Profits for the world’s largest investment banks may come under pressure over the next 12 to 18 months, thanks to slowing global economic growth and the prospect of lower or negative interest rates. These trends led Moody’s Investors Service to downgrade its outlook for global investment banks (GIB), including Wall Street titans Goldman Sachs (GS), J.P Morgan Chase & Co. (JPM) and HSBC Holdings (HSBC), to from positive to stable. The ratings firm also expects client activity to decrease for these financial giants due to broader uncertainty in the market, per a detailed report by CNBC.
Slowing Economic Growth, Falling Interest Rates
“The stable outlook for the global investment banks reflects our expectations that profitability for the GIBs may have peaked for this economic cycle,” wrote Ana Arsov, a managing director at Moody’s, in the recent report. "Greater revenue headwinds will make further profitability gains more elusive, despite a continued focus on business re-engineering and technology investments to boost efficiency,” he added.
As central banks around the world have become more dovish in their economic policy, with many market watchers now expecting the Federal Reserve to cut interest rates again in September, the ability for banks to make a profit has decreased. While lower interest rates incentivize more lending, they also result in smaller margins for lenders.
Moody’s expects global economic growth to slow this year and next, attributing a more negative outlook to escalating trade tensions and rising geopolitical uncertainty. This weekend saw rising trade tension between Washington and Beijing. On Friday, Trump sharply increased tariffs on billions of dollars of Chinese imports, prompting a retaliation. On Monday, the U.S president again shifted his tone. Following the Group of Seven (G-7) summit in France, President Trump said “China called last night,” and that the two countries will “very shortly” resume trade talks. Chinese officials said they were unaware of any recent telephone call. Most see the future of trade negotiations as largely up in the air.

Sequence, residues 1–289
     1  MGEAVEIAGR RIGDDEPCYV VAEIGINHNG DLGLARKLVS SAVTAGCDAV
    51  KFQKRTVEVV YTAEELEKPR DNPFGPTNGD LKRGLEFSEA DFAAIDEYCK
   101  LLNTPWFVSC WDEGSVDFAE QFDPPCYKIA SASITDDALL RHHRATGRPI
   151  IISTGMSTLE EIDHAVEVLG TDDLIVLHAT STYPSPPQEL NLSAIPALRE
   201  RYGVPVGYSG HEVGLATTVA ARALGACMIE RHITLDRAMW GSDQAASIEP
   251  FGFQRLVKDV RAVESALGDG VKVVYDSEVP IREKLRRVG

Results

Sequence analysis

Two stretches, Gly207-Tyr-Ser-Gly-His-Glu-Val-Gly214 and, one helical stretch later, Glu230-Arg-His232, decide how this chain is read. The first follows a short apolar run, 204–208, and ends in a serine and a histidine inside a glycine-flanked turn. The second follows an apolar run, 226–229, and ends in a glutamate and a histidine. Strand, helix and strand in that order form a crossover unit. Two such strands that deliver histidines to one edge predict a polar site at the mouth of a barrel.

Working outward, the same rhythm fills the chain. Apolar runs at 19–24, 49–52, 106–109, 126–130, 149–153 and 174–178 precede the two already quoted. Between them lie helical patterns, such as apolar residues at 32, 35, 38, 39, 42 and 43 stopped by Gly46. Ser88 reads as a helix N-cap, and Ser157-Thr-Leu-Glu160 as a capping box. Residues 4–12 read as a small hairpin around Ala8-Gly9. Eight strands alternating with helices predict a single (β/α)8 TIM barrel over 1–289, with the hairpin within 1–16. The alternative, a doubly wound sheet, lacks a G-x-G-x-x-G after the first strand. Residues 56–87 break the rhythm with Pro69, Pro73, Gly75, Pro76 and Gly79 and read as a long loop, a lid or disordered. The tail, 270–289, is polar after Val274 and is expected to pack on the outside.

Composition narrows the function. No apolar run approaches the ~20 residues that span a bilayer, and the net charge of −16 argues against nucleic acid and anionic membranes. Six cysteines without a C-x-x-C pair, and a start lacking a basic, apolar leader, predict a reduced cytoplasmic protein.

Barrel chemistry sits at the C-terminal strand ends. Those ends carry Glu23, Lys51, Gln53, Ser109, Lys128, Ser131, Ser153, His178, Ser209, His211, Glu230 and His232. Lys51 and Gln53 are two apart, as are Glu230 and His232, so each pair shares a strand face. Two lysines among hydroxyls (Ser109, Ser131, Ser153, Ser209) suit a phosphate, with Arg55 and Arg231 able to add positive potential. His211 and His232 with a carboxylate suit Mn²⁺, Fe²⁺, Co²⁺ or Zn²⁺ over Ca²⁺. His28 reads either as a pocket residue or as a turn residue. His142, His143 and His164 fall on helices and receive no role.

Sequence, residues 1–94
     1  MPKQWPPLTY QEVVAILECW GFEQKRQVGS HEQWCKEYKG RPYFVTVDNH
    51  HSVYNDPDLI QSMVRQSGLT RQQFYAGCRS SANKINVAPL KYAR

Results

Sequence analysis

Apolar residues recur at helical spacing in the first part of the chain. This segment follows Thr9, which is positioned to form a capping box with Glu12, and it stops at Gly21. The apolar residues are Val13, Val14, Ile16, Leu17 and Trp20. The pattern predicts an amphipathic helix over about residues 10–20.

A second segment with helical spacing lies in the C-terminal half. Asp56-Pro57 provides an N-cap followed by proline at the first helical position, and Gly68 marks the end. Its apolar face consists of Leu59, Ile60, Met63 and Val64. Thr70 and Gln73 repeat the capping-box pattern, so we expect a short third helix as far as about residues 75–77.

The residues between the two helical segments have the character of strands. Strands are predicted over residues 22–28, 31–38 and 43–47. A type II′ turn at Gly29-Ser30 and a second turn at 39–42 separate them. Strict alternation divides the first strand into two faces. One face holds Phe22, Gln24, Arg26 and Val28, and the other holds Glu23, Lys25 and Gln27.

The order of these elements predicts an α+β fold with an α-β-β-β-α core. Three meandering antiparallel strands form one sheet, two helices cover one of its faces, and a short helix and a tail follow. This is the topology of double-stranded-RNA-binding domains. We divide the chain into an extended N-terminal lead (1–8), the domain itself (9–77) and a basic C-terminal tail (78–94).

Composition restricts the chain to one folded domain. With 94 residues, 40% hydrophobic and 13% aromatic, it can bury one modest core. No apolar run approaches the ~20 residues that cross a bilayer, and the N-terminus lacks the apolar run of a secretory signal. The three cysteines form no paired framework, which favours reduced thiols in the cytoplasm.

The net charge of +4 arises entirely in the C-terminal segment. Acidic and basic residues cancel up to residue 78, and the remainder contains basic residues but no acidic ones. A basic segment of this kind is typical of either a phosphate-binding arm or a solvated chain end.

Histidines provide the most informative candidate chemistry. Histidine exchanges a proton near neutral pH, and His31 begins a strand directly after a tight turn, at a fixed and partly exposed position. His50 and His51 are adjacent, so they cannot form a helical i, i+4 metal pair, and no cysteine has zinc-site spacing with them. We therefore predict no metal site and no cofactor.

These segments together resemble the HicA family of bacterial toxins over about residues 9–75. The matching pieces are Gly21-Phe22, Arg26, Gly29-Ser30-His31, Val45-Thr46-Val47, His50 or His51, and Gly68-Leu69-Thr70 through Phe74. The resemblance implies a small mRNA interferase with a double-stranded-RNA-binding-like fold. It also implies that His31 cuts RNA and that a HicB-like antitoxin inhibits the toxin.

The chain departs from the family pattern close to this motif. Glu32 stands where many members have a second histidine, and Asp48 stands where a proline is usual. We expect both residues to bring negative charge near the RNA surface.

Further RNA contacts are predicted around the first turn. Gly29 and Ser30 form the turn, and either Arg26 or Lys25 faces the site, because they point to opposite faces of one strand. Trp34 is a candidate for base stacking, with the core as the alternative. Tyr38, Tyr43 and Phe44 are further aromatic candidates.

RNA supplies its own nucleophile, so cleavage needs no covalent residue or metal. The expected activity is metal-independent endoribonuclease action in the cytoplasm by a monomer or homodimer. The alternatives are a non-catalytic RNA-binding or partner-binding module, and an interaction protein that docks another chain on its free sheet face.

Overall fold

Unprecedented levels of corporate debt could also weigh on costs for investment banks. While accommodative policies from central banks could support financial conditions, Moody’s cites that the risk of a more severe slowdown has increased given the broader geopolitical landscape, per CNBC.
Moody’s added that most countries in the G20 have “limited monetary and fiscal policy space for stimulating global aggregate demand.”
Further weighing on revenues, in the 12 months ended August 22, fees generated by the investment banks fell by approximately 9% over the same period last year to $62.9 billion, per Deals Intelligence, cited by The National. Mergers and acquisitions activity, a major source of income for the GIBS, is also at risk.
Another major red flag for banks is an inverted yield curve, viewed as an indicator of a forthcoming recession, per Moody’s. Over the recent weeks, market watchers have focused on the spread between the 10-year and two-year U.S. Treasury yield, which has inverted several times. This occurs when long-term bonds have a lower-yield and than shorter-term bonds. These conditions could lead to a drop off in consumer spending and company expansions, putting greater pressure on the economy and potentially leading to a larger contraction and spike in unemployment.
“The prospect of a recession is a worry for those investors exposed to so-called ‘risk assets’ like equities and commodities as it will hit their earnings power and demand for them respectively, to the possible detriment of their valuations and prices,” wrote AJ Bell investment director Russ Mould, as cited by CNBC. He noted that the inverted yield curve is “promoting much hand-wringing” given it preceded the past five recessions.